The year 2001 was the hardest of my life. As I tell my students, 9/11 was a national tragedy, but its effects would be felt on my life later. In March of that year, my friend Kristine Noonan took her life by combining several antidepressants, and her death shattered me.

Like most of my peers in West Lafayette, Indiana, I turned to alcohol for solace, not realizing that the more I drank, the sadder I felt, which caught me in a terrible negative feedback loop. I was depressed even before Kristine died, but I did not have the vocabulary to describe how I felt. Soon, even getting buzzed would make me feel suicidal, with my immature brain associating sadness with alcohol. It would take over a decade to rewire the way I thought.

Eight months later, my physical and emotional health still a disaster, my roommate, Blair Tyree Smith, took his own life in the room next to mine on Nov. 9, 2001. Losing anyone to suicide is challenging, but when Blair died, I lost who I was for a long time. Breaking his door down, seeing that he had hanged himself while listening to “Circles” by Incubus, calling 911, talking to the police ... Was I dreaming? Did it happen?

I became, what Charles Bukowski called, “a museum of fear.” I would carry not only Blair’s death, but the emotional weight of his life with me all the way to graduate school in California. After Robin Williams died by hanging in 2014, I was overcome with grief and Blair’s death came roaring back into my life till my therapist, Dr. Keith Higginbotham, had me a write a letter to Blair forgiving him. Keith pointed out that Blair would always and forever be a confused, scared 19-year-old kid and I had to let him go.

After Madison Holleran, a student-athlete at the University of Pennsylvania died by suicide, Kate Fagan wrote a beautiful essay for ESPN in May 2015 titled, “Split Image.” In it, Fagan wrote of the intense pressures that Madison felt due to social media:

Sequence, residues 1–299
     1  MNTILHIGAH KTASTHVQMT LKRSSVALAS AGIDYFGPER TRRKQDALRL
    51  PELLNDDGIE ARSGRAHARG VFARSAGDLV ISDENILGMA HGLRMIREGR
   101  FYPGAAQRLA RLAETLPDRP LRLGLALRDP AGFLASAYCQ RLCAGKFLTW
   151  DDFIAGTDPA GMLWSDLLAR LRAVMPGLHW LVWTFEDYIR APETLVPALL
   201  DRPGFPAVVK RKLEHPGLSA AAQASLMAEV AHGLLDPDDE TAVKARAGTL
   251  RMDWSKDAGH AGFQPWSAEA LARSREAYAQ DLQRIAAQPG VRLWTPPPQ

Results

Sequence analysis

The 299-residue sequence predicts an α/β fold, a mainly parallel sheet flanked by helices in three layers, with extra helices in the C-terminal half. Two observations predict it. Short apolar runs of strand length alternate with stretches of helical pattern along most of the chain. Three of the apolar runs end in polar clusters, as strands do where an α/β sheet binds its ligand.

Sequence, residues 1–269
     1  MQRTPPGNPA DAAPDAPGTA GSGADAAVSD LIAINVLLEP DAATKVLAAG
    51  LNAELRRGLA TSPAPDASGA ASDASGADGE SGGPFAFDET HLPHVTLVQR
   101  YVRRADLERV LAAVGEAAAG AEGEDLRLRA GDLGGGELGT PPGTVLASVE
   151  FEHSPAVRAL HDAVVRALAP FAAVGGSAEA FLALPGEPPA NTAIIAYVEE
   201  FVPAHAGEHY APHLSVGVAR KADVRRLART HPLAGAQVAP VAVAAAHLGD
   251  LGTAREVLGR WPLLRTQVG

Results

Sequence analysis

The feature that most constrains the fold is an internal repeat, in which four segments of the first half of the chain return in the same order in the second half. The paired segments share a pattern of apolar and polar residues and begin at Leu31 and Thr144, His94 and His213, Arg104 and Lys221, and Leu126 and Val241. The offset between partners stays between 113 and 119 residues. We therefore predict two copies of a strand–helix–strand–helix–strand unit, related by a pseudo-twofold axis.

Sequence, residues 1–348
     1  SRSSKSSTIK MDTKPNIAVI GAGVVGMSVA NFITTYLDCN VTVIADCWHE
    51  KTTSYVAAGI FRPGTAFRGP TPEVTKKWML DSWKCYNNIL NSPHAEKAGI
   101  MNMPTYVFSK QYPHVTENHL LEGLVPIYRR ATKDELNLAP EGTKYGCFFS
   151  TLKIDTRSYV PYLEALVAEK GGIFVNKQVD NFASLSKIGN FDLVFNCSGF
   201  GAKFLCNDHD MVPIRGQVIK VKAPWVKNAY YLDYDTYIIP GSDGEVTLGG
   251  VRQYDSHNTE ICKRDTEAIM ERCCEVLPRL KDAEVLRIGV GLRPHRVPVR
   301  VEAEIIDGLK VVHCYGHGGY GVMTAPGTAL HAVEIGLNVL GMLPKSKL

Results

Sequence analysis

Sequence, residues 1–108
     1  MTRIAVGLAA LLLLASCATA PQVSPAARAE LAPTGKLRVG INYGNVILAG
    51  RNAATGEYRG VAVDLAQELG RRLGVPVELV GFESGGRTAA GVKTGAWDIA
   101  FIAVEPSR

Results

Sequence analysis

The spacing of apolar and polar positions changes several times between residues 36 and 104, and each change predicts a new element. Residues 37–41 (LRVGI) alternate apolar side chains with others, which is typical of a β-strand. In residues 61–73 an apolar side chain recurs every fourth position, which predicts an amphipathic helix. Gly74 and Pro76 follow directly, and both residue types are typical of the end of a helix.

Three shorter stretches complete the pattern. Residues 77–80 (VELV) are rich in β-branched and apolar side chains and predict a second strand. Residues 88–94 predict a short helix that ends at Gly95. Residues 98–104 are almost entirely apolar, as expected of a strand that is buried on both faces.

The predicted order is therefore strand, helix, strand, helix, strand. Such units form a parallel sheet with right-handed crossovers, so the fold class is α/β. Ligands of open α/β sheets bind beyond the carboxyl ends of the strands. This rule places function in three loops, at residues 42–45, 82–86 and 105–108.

“She seemed acutely aware that the life she was curating online was distinctly different from the one she was actually living.”

But it was not just about Instagram and Snapchat; the transition from high school to college was more than Madison had expected.

I never knew Madison or her family, but this story has also stayed with me, especially as those dual 2001 suicides curated a life for me that I did not expect as an educator-turned-mental-health-ally. As I navigate Gonzaga's campus, especially when I eat at the COG – you have seen me, the South Asian American usually wearing a suit and reading while eating – I am also absorbing everything around me. I see you, the undergraduate, “full of hormones” (as Robin Williams said), basking in the freedom of college, but also the bravado that comes with the not knowing.

“Freshman year of college can be like running an obstacle course wearing a blindfold," Fagan wrote. "Nothing prepares you for how hard the workouts will be, how long they last, what each class will be like, which events are fun and which should be avoided.”

This is my first semester teaching at GU, but I believe students see my passion for what it is – a life shaped by tragedy and empathy. Every generation struggles with depression and loneliness, but I am so proud of you, Gen Z, for naming what you need to thrive, and asking for help.

We should all be grateful to work and attend a school like GU that is committed to the idea of cura personalis. I hope that the students who read this know they are not alone; that seeking help is not a sign of defeat, but the first step in the journey of healing. I pray that our students know they will find love and be loved in return; and that they are the answer to someone’s prayers.

Shyam K. Sriram is a lecturer in the Department of Political Science.

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